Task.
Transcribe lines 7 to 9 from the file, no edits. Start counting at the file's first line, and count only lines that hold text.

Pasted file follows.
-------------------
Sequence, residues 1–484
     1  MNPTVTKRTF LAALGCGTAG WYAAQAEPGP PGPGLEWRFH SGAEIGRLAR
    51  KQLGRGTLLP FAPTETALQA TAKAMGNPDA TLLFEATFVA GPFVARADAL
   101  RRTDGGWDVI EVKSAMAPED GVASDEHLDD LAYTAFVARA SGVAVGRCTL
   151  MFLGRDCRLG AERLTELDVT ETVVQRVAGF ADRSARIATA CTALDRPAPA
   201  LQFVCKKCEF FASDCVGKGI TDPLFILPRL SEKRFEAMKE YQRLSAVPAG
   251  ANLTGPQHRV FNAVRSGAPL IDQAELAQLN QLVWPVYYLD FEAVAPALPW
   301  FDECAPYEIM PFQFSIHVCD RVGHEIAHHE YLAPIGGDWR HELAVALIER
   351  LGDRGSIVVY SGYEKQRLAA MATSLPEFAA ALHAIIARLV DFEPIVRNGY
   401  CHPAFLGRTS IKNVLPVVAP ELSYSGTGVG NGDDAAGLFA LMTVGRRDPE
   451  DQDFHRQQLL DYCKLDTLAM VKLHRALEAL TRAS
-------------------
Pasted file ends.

   251  ANLTGPQHRV FNAVRSGAPL IDQAELAQLN QLVWPVYYLD FEAVAPALPW
   301  FDECAPYEIM PFQFSIHVCD RVGHEIAHHE YLAPIGGDWR HELAVALIER
   351  LGDRGSIVVY SGYEKQRLAA MATSLPEFAA ALHAIIARLV DFEPIVRNGY